Many New Perspectives Through Brno

I have lived in Brno for close to a dozen years. I have met a lot of people. Had a lot of fun. Suffered a few setbacks. Drunk a lot of beer.
For the past few years, I have tried to distill these experiences in this “Through Brno” blog. I’ve written about how I was propositioned by a prostitute within 10 minutes of my initial arrival into the city by early-morning train in 2006. I’ve described the drama of my daughter’s birth. I’ve recounted my successful pursuit of my literary idol, Milan Kundera. I’ve told the story of retaking Driver’s Education as an adult, made my argument for the Namesti svobody Orloj, touched on the horror of a fellow murderous expat, and more: Czech names; Horse Racing; Birthdays; FC Zbrojovka; Teaching high school; Summer camp; Gardening; Learning Czech.
All of my 30 posts have one thing in common: they are all Brno through my perspective.
In the grand scheme of things, that is quite limited because there are, of course, many more points of view. Everyone has their personal experiences.
The best way to see this is through the entries of the Brno Short Story Writing Contest.

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The Brno Short Story Writing Contest was designed last year on the notepad of my mobile phone in a flash of inspiration while riding the No. 12 tram during morning rush hour; it was presented to a grant committee at the Brno Expat Centre on a rainy winter night by Lee Adams and I as a way to showcase the creativity of Brno and increase the membership of our Brno Writers Group; and, in the end, it received the 10,000kc grant.
Suddenly, there was a lot of work to do.
Simon Mawer, an internationally successful writer of Brno-focused books, signed on as a guest juror. Don Sparling, Tomáš Kačer, Anna Formánková, and Lee also served as jurors. And, importantly, Lee created a poster that served as the recognizable image for the contest.
On Feb. 1, we announced the contest start. Originally, the theme was to be “Through Brno”, similar to my theme for this blog, but we simplified it to: “Brno.” We spent the next months promoting it through Facebook pages, personal emails, and a 45-minute lesson about short-story writing that was presented 21 times to about 350 students, including at three local high schools.
It is asking a lot to get someone to write a short story in a language that may not be their first. We expected 20 entries. In fact, the original presentation and then the Official Rules, included a caveat to save us from embarrassment: If we got five or less entries, then each entrant would get 200kc — and nobody would ever mention the failure again.
In the end, the number of entries was not a problem. On deadline night, April 30, I hosted my annual Burning Witches party in my backyard. The email notifications were constant throughout the day and only intensified: 32 entries were made that day; eight came in the final hour; and four got in during the final six minutes. The final number: 87.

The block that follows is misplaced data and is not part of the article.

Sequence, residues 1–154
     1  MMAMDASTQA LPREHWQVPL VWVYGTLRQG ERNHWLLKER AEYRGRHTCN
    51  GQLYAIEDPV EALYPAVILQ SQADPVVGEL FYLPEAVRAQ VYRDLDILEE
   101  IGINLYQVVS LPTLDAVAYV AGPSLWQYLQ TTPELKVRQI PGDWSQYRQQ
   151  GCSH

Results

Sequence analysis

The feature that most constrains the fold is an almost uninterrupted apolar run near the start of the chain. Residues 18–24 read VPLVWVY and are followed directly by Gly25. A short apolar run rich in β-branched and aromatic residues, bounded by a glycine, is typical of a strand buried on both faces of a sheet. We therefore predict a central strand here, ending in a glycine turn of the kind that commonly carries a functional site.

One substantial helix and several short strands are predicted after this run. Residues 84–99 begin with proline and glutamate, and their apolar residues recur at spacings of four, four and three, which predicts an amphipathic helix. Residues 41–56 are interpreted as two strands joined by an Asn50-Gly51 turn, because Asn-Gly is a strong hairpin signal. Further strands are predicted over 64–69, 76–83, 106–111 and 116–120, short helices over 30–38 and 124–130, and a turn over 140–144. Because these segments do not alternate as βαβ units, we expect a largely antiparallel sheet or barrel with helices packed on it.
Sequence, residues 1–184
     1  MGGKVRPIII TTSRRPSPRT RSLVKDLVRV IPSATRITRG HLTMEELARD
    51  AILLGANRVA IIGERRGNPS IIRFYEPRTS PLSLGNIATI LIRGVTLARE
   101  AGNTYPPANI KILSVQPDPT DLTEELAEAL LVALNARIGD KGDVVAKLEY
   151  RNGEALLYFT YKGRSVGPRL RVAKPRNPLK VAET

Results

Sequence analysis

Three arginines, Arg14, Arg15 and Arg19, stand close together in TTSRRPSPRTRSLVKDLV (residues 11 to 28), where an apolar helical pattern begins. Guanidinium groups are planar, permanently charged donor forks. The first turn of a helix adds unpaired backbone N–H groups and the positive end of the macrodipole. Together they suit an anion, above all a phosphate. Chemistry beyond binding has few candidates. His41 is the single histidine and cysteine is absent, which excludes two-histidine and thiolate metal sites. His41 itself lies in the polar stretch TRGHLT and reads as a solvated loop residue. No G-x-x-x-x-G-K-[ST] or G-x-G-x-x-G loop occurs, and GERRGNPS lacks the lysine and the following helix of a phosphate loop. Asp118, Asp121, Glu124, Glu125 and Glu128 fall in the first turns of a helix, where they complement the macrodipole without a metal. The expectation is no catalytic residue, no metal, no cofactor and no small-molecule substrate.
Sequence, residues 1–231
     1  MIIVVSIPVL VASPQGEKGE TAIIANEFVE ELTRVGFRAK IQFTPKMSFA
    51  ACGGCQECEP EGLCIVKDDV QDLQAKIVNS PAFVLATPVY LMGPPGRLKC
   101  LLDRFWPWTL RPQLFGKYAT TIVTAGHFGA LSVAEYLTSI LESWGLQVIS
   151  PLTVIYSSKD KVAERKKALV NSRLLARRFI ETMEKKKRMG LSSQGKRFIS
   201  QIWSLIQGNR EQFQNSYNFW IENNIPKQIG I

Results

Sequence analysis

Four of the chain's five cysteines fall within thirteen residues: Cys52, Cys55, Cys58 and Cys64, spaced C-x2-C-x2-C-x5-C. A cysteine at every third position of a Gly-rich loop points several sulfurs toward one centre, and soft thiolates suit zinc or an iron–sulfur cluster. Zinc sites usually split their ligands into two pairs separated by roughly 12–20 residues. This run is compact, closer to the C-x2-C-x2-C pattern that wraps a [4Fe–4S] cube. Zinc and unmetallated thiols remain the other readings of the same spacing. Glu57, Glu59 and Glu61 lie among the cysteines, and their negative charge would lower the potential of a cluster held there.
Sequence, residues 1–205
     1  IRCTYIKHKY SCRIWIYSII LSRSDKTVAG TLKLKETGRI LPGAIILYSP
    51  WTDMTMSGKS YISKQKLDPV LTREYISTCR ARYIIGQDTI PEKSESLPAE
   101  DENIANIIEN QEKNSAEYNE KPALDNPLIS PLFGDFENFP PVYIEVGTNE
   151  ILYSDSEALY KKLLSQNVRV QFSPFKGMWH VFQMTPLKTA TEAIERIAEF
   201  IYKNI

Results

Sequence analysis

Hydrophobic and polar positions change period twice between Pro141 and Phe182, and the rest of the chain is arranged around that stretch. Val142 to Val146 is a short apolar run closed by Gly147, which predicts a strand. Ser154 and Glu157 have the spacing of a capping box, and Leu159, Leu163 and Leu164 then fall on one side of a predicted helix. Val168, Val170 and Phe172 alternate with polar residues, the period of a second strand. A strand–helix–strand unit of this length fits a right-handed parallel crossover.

Bohumil Hrabal is clearly a popular part of the Brno community. He inspired many entrants, including several authors who took the difficult step of using his incredibly-long-sentence structure to relay their story. The central cemetery is another popular spot. Trams were given a new life. Brno legends got interesting twists. And even the struggle to use the Czech word for a paintbrush in a store was beautifully woven into a story that really showed day-to-day life.
The inaugural contest was won by Adam Sweet, an American, with “New Year’s Evey”. His story used Hrabal and a little-known part of Brno as the central location for a beautiful story. He received 6,000kc.
Second place — “Kuba’s Rotation” by Englishman Theo Singleton — took a public statue that everyone has seen and, literally, tried to turn it. The story also brought up another little known fact about Brno that probably sent a lot of people to Wikipedia: Georg Joseph Kamel and his international botanical influence.
Maya Vusilović, a Croatian, was third with “Dark Horse”, a gritty story set in a part of Brno that many probably don’t visit but that is one of the more interesting and vibrant parts.
Eight additional stories were awarded honourable mention, and many more were published online. Together, they are a virtual treasure trove of contemporary Brno through the eyes of the expats — or the English-speaking and English-writing locals — who live here.
Read them yourself at

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The Brno Short Story Writing Contest has returned for the second year. The theme for this second year contest is “Out of the Box.” No longer are we to look directly inward, now writers are asked to look out.
The contest rules remain the same. All stories must be in English, less than 2,500 words, and somehow use the theme “Out of the Box.”
The deadline is April 30, 2018. Winners will be announced by mid-June.
Thanks to anonymous donations, entry to the contest remains free and the prize structure remains the same: the winner will get 6,000kc; second place gets 2,000kc; and third place gets 1,000kc.
Not everyone can win, but all of the entries will get constructive criticism from the judges.
Good luck.


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